Wow is your nurse friend ever wrong! I’ve had both – one natural birth and one emergency c-sec and try are totally different. you are sooo not recovered by the time you leave the hospital. It is a major surgery. Not only can you not lift anything heavier than the baby (including not being able to lift baby in car seat) but you have to take it really easy for weeks, including just going up and down stairs! I thought I was recovered, I think it was after 6 weeks so I started working out. Boy was I wrong!! After the second day the pain was back and it was horrible. My scar, which is almost 16 months old, is much bigger than 2 inches and is extremely visible. Mine was an emergency, so maybe they cut differently when it’s not, but both my SILs have had planned c-sections (one was a medical issue, my niece wasn’t able to turn down the other we aren’t sure why she had a c-section, if there was a medical issue with the baby or if it is because SIL is a little older so it was precautionary or something?) but one of my SIL have mentioned her scar goes right across, which is what mine is. Yikes, your nurse friend should maybe brush up on some thing. Lol hopefully she doesn’t work n the maternity wards, I wouldn’t want her spreading those type of rumours to mothers-to-be.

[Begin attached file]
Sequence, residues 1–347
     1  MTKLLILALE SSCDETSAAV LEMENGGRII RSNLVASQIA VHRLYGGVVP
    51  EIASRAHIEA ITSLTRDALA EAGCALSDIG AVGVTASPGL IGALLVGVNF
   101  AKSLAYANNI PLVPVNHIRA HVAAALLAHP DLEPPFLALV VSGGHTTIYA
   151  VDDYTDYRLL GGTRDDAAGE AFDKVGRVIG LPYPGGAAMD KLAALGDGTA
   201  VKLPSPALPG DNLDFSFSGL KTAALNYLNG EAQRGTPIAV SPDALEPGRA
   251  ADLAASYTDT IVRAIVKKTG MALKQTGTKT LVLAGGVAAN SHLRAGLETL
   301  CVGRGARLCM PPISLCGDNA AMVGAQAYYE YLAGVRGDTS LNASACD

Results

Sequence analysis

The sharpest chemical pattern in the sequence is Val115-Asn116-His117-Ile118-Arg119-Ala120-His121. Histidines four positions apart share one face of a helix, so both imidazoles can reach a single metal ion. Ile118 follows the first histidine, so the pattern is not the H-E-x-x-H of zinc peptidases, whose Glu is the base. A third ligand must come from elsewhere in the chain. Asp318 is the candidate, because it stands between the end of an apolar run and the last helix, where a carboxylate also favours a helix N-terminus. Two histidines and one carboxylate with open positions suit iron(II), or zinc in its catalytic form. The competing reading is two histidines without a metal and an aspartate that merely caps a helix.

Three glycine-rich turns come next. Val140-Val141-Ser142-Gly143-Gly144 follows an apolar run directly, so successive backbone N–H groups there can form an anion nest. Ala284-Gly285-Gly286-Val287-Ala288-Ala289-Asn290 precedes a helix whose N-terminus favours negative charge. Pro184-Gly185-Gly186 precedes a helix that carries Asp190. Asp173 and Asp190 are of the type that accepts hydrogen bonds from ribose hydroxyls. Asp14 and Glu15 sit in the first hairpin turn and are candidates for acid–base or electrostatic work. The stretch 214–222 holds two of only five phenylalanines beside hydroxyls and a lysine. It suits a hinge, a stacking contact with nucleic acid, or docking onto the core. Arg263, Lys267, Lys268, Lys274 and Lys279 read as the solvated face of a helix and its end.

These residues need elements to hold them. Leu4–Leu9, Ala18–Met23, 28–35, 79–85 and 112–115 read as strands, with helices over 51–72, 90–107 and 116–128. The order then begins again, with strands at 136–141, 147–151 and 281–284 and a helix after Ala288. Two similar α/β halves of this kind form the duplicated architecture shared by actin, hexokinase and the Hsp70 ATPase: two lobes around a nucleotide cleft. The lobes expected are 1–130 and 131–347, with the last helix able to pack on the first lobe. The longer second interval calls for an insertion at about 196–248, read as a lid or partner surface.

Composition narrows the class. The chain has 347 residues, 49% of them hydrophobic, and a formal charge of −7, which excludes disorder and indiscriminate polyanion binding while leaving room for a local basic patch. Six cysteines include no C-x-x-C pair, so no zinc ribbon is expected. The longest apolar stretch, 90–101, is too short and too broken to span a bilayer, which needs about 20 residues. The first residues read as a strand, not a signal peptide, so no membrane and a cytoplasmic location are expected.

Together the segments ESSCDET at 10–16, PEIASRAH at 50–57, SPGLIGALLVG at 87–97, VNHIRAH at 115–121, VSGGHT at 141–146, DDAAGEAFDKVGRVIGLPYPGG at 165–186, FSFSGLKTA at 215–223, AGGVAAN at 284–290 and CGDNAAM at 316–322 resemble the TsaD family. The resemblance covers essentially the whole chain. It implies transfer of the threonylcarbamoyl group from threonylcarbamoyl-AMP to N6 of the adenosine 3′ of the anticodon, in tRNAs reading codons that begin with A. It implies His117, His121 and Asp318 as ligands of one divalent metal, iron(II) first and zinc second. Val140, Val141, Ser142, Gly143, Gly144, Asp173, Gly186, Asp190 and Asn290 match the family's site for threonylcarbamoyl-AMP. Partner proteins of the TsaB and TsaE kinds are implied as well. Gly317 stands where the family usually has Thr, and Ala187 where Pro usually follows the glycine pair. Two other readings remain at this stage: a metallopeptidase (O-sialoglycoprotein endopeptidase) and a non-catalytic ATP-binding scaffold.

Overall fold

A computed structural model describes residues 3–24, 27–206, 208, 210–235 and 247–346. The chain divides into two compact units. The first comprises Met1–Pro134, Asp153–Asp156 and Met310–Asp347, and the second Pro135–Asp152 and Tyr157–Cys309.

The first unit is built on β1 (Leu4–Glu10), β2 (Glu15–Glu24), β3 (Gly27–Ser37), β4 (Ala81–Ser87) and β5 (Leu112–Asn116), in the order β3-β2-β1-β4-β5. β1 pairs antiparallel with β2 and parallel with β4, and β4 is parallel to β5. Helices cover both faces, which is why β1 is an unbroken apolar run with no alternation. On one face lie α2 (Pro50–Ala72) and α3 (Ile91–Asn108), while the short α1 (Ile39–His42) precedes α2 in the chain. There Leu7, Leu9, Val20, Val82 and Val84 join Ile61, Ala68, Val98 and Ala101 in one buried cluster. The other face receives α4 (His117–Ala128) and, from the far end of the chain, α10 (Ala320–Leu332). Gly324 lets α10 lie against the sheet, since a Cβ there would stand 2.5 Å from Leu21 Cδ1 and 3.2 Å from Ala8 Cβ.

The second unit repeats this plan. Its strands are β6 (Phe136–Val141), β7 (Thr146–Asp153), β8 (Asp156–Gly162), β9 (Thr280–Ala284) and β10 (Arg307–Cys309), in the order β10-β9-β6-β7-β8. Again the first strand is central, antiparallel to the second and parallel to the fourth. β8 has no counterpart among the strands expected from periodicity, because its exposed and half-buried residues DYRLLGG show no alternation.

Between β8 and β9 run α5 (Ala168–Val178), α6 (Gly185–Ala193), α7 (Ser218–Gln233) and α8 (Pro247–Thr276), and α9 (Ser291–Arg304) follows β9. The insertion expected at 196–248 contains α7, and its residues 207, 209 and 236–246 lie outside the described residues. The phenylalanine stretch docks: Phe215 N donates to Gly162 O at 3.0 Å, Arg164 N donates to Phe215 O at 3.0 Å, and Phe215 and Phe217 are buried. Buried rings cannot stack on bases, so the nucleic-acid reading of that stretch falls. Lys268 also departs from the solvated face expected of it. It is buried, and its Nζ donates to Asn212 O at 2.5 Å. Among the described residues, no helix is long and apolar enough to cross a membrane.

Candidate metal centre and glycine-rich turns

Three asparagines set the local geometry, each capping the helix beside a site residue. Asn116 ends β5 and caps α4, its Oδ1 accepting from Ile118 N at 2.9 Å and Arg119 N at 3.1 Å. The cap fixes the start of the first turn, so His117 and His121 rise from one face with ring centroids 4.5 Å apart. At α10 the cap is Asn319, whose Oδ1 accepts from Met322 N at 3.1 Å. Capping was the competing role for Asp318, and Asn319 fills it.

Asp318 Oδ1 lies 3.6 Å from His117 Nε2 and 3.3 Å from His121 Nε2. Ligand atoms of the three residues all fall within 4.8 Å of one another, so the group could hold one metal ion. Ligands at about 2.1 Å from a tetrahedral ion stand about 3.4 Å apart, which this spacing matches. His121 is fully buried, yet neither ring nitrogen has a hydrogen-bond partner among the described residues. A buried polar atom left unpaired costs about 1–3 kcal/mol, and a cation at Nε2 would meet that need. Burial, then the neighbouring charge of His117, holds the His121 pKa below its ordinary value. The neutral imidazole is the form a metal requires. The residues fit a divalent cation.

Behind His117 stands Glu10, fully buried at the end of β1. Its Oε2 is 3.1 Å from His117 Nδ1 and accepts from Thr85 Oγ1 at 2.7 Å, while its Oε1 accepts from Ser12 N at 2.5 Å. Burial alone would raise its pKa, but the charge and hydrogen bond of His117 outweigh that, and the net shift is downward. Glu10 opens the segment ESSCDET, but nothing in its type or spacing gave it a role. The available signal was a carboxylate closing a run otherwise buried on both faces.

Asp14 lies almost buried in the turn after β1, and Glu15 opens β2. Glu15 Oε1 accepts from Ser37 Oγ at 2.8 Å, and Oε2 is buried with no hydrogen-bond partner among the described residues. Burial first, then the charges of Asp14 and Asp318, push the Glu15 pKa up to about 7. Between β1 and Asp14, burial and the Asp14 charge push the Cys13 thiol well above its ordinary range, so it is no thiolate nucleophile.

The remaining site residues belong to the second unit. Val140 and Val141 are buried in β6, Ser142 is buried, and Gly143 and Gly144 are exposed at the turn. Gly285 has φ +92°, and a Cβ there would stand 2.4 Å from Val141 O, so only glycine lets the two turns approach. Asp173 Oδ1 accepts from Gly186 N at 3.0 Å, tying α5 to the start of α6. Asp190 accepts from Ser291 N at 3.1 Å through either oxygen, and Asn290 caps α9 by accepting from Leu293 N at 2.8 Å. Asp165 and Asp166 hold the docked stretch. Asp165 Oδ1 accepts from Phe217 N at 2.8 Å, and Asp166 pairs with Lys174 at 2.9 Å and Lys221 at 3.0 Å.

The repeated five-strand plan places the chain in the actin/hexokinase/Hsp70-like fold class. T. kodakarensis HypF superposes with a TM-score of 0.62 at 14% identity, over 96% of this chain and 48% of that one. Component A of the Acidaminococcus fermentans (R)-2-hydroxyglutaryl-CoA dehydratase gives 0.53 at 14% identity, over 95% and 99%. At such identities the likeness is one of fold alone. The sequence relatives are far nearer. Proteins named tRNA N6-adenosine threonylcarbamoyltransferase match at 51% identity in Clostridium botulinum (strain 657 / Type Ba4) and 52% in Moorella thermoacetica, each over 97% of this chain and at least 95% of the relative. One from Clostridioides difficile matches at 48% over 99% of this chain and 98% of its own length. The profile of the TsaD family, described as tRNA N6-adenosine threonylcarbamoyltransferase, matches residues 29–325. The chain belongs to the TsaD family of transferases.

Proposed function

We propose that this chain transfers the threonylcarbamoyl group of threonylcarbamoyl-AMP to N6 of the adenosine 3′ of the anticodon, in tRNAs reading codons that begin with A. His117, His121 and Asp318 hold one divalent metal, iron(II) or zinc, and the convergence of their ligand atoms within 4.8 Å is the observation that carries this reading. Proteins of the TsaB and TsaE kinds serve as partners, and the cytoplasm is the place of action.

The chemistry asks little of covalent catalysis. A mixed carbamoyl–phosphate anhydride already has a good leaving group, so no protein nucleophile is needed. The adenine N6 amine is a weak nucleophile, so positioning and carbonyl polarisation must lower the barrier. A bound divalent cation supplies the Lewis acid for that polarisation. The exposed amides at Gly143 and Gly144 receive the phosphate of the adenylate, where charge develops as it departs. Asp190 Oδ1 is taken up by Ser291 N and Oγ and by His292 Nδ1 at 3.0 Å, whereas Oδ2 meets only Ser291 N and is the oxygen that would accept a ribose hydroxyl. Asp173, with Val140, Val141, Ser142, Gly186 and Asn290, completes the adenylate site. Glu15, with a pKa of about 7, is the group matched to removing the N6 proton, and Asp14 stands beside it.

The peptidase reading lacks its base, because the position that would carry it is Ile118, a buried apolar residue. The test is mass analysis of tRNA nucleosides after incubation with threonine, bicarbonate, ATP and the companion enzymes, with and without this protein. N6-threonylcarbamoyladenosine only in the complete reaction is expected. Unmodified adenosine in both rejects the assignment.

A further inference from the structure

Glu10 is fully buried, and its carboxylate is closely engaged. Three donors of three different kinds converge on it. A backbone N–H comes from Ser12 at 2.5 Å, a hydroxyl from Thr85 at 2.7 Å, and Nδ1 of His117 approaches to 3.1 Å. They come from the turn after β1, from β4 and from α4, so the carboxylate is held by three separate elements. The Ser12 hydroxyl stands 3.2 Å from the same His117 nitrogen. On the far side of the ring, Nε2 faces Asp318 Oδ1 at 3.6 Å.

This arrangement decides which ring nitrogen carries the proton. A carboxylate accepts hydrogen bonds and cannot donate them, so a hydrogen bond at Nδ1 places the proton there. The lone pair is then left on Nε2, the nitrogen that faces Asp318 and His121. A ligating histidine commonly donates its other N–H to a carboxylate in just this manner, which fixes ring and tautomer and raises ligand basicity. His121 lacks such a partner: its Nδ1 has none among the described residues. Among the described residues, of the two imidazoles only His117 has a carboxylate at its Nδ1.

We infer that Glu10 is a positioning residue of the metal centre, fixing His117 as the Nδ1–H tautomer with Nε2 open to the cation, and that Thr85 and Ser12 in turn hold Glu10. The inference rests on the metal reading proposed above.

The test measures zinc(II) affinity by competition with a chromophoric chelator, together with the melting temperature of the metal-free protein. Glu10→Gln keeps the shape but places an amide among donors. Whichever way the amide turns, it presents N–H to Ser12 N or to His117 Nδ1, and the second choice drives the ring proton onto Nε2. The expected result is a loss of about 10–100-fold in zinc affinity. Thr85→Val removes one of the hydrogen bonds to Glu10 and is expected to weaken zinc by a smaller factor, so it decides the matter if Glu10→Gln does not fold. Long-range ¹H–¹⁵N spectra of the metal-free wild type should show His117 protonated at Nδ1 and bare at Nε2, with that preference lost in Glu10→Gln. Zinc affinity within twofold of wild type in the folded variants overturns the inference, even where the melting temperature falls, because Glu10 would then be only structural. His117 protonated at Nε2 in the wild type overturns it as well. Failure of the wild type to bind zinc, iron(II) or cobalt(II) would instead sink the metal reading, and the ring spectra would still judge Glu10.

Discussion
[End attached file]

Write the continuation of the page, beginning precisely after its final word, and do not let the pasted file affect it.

Post # 7
It definitely is major surgery, but most of the ladies I know who had a c-section said recovery was fairly easy. Everyone is going to be different though. Normally the scar should be horizontal and very low on your abdomen, although I’m sure they aren’t as careful if it’s an emergency.
Post # 8
- Wedding: November 2013 - St. Augustine Beach, FL
ishafortin: A C-section is major abdominal surgery that definitely requires more recovery than a vaginal birth. A friend of mine got an infection in her incision site and she had to get it drained, cleaned, and packed with gauze every day for weeks after her baby was born by C-section. She couldn’t lean over to pick up her baby on her own during those weeks either. I think your friend is pleasantly confused about the whole situation.
Post # 9
If you’re curious, there are plenty of C-section surgery videos, so you can see the procedure for yourself and go from there. They are cutting through your skin and fat, pulling apart your abdominal muscles and making an incision on your uterus, so I imagine that it’s not the same as a simple out patient procedure.
Post # 10
I had a scheduled C-Section, so I think my recovery was easier than an emergency one. I felt pretty good when I left the hospital. I was able to walk, tend to my daughter, do some light cleaning without issue. I was cleared for normal activity (sex, working out, lifting things) 4 weeks pp. My incision is about 4 inches, maybe a little less, and every single nurse/dr who sees it tells me it’s “perfect” and will not be noticeable once it’s done healing. Everyone is going to be different, though!
Post # 11